Writer John Green creates a heart-warming narrative in his New York Times best selling novel, The Fault in our stars.
The novel takes us through Hazel Grace’s journey from her condition through to the state of her current ‘ordinary’ life. Hazel is a simple girl with weak lungs. As much as she hates having cancer, she does her best to continue everyday life with a smile on her face. Being forced to support group, Hazel bumps into a cute guy, Augustus Waters whom seems very curious in her. They exchange smiles and its truly love at first sight. The narrative continues with Hazel becoming close to Gus, as they set off on a journey to meet the writer of her favourite book, An Imperial Infliction. Travelling to Amsterdam, Hazel and Gus have a beautiful time yet their acquaintance with Author, Peter Van Houton doesn’t end very positive.
Green tells us an inspiring story filled with sparks of romance complimented with a rollercoaster of emotions. The book itself is so real, where Green doesn’t hide any facts about having Cancer. He genuinely speaks to us through Hazel’s character whom clearly has been suffering for a long time. Green avoids making the issue of cancer seem durable; he lends us a direct view of how it affects Hazel and Gus’ life, where it can truly be painful and rough. I like the fact that Green makes Hazel a very realistic character. Although she has cancer, she’s just a normal person like any of us. For example, implementing realistic moments like watching daily reality TV shows or spending time reading or on the laptop like any other teen.
The narrative flows smoothly where fine detail is considered and we don’t feel hidden from the truth. There are moments where we truly smile and moments where we can’t help but cry. Green verbally allows us to visually paint a picture of the characters and the scenes. His description is vivid and has the right pace to it. Authentically, Hazel’s life is unraveled to us, where we feel glued to the book, eager to see Gus and Hazel get together. The dialogue is exceptional, where mostly everything the characters say is quotable.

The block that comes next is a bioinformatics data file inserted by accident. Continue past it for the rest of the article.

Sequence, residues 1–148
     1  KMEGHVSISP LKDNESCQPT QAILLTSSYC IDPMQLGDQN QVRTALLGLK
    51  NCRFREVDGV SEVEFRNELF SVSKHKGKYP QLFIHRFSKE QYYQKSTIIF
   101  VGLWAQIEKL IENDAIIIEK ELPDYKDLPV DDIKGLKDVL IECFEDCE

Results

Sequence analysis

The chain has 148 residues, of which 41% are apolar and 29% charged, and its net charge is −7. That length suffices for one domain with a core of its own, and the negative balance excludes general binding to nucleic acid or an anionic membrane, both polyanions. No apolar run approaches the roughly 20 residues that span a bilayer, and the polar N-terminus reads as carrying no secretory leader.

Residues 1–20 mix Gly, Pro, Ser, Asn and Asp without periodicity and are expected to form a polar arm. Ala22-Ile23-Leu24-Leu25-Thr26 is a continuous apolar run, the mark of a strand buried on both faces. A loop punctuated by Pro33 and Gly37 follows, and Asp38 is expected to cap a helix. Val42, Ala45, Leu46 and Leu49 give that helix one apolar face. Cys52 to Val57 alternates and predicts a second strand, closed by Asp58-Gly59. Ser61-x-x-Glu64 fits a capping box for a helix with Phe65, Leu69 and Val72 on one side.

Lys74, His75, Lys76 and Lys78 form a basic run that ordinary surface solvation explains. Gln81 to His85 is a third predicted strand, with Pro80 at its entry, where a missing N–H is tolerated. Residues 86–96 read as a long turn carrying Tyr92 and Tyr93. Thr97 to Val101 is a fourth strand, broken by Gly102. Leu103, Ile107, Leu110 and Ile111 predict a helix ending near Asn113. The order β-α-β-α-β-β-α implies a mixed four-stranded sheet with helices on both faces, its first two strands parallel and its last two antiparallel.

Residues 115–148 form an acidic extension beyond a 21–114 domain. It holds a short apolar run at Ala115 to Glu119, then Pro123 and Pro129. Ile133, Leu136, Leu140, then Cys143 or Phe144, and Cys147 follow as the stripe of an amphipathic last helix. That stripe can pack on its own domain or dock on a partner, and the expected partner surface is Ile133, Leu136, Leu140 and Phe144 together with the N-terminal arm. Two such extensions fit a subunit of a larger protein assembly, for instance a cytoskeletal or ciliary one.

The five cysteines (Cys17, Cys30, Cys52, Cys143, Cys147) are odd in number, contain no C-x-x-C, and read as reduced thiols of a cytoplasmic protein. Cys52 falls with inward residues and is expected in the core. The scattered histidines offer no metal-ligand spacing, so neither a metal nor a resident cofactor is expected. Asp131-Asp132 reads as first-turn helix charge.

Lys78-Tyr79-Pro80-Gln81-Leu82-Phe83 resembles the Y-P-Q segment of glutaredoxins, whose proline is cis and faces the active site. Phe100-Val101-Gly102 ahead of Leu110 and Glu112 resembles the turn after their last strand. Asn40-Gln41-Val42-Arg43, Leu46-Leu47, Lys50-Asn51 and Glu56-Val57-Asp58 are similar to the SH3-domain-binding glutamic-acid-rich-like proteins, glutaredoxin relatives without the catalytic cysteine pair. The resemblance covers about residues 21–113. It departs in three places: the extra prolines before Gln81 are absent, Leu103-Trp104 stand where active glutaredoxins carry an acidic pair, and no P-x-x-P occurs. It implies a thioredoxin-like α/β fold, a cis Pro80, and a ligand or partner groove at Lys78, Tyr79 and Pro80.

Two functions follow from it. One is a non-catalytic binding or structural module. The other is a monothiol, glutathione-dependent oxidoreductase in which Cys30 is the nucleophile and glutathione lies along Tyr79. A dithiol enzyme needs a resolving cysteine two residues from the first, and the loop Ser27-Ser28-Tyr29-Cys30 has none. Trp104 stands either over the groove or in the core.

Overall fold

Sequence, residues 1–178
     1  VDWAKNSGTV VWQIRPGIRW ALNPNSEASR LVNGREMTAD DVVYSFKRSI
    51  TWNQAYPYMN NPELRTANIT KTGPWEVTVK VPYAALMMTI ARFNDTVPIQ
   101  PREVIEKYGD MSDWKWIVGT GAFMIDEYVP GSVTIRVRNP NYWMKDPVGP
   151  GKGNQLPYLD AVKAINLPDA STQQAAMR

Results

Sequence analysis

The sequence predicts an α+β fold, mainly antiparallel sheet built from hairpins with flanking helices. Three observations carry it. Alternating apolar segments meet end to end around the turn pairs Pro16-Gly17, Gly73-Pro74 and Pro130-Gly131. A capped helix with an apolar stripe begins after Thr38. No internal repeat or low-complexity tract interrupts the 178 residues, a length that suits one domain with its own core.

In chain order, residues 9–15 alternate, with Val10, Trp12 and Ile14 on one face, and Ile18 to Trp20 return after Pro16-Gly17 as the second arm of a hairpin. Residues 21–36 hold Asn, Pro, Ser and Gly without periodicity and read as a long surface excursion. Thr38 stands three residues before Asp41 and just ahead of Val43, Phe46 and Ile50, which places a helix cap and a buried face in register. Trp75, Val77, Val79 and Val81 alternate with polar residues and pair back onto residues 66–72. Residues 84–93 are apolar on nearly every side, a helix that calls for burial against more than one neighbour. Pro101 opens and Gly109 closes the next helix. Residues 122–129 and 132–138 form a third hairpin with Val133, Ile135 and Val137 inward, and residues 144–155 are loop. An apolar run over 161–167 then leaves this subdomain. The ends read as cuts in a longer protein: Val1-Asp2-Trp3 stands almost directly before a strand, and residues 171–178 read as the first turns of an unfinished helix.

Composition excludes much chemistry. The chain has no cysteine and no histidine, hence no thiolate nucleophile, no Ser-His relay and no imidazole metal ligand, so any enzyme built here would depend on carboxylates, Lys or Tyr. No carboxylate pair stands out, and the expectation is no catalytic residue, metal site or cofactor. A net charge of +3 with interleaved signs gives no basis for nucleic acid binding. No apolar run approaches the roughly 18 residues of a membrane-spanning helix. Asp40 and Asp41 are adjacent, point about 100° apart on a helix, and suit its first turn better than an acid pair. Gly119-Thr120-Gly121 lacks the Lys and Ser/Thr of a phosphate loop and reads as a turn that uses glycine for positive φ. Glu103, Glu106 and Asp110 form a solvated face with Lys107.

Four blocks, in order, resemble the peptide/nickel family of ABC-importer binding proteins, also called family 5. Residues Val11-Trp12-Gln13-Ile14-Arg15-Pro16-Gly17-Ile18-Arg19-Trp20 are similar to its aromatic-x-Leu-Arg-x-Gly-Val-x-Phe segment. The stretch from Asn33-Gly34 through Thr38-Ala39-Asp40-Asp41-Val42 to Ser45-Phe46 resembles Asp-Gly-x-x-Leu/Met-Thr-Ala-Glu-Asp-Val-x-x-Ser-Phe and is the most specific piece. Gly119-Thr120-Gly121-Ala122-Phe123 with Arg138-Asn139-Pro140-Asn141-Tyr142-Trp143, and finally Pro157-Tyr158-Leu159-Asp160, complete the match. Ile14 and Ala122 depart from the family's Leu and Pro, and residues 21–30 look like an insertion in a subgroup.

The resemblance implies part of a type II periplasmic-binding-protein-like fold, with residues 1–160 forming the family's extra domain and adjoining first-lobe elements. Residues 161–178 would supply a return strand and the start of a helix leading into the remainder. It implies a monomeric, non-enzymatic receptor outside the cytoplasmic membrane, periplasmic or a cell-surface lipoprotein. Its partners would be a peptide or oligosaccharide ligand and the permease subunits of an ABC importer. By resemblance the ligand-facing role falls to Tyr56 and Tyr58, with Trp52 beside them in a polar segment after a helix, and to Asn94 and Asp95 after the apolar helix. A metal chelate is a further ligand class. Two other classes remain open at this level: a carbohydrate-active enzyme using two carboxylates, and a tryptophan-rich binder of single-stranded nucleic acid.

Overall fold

After reading the book I was eager to see the film, where I can honestly say it did justice to the novel. Director Josh Boone brings the narrative to life where he tries to squeeze in as much of the book as possible. Although there are a few scenes removed from the film, they aren’t as crucially important and thus I appreciate their decision in this.
The narrative is genuinely brought to life by the brilliant cast, especially the main protagonists Shailene Woodley (Hazel Grace) and Ansel Elgort (Augustus Waters). Woodley, the star of the film, performs to the best of her ability as Hazel. She transforms into this sweet, simple girl whom you feel you could be friends with. Her soft voice and how she tackles cancer is applaudable. Shaileene literally places herself in Hazel’s shoes, where every body gesture is performed incredibly. The out-of-breath moments to the times where she vigorously climbs the stairs, it’s all very sharp and profoundly performed. We’re able to clearly see her plight and struggle, where we truly see her courage shine and realise how hard it must be.